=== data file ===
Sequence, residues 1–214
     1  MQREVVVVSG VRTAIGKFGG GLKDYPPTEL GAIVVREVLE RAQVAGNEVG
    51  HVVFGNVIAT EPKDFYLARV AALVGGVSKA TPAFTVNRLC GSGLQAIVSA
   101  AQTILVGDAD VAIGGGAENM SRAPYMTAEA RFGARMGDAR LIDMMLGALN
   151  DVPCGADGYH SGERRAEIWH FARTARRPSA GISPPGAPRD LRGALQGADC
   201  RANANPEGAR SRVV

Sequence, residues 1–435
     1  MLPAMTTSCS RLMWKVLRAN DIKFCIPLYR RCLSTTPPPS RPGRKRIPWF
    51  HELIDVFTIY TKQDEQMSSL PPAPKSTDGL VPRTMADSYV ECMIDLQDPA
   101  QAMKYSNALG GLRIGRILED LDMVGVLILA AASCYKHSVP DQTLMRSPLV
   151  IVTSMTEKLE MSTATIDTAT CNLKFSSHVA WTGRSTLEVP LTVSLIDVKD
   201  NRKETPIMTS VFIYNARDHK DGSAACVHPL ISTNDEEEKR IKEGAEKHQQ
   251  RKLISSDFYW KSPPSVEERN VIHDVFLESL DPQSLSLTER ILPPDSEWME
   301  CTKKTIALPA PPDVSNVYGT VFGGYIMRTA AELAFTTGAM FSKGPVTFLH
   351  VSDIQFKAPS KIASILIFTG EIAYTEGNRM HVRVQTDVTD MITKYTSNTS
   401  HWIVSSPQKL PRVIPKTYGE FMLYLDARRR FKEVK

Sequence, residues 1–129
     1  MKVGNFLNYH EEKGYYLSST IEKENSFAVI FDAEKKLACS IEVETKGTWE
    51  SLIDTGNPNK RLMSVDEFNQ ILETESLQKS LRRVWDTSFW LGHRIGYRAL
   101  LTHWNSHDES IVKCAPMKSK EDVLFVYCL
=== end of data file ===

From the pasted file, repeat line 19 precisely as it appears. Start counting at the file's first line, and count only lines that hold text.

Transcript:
    51  SLIDTGNPNK RLMSVDEFNQ ILETESLQKS LRRVWDTSFW LGHRIGYRAL